U.S. Forest Service Seeks Comments on Proposal for Noncommercial Forest Products for Traditional and Cultural Purposes
July 31, 2014
WASHINGTON,.—The U.S. Forest Service today announced and is seeking comment on a proposed rule that would provide forest products
to federally-recognized Indian Tribes.
“The Forest Service works diligently to respect our government-to-government relationship with Indian Tribes,” said U.S.
Forest Service Chief Tom Tidwell. “American Indians and Alaska Natives have been connected to these lands for thousands
of years, and we want to facilitate continued access to these resources.”
Many forest products are used by Indian tribes in the practice of their cultural and religious beliefs and heritage. For
example, ginseng and Devil's club are used by some Tribes for medicinal purposes. The proposal would clarify the process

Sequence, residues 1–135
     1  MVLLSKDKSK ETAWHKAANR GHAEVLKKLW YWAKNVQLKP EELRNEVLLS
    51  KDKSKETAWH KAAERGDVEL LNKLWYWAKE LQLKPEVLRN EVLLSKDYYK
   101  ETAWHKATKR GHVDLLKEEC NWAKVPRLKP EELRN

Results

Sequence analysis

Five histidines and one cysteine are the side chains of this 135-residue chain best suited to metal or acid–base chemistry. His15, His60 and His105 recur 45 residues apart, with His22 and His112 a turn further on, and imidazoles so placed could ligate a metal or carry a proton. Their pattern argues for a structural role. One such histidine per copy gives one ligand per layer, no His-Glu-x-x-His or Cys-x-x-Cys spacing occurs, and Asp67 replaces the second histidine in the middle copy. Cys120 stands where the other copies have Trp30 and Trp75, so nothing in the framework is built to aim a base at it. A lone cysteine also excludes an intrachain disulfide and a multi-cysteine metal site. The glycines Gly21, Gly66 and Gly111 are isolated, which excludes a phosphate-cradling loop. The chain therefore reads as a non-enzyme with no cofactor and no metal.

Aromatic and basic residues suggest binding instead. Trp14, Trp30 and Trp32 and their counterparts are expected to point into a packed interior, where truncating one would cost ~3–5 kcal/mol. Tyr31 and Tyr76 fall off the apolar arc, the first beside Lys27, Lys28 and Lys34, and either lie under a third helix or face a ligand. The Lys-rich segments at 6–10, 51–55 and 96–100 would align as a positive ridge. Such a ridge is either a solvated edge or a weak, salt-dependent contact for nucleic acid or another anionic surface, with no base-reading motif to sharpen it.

Indian tribes must use to request trees, portions of trees or forest products for noncommercial traditional and cultural
This rule would implement section 8105 of the 2008 Farm Bill, which gives the Secretary of Agriculture discretionary
authority to provide, free of charge, any trees, portions of trees, or forest products from National Forest System lands
to federally recognized Indian tribes for noncommercial traditional and cultural purposes. The proposed rule will be
published in the Federal Register on July 31, 2014, with a 60-day public comment period.
The mission of the Forest Service, part of the U.S. Department of Agriculture, is to sustain the health, diversity, and
productivity of the Nation's forests and grasslands to meet the needs of present and future generations. The agency
manages 193 million acres of public land, provides assistance to state and private landowners, and maintains the largest
forestry research organization in the world. Public lands the Forest Service manages contribute more than $13 billion to
the economy each year through visitor spending alone. Those same lands provide 20 percent of the Nation's clean water
supply, a value estimated at $7.2 billion per year. The agency has either a direct or indirect role in stewardship of
about 80 percent of the 850 million forested acres within the U.S., of which 100 million acres are urban forests where
most Americans live.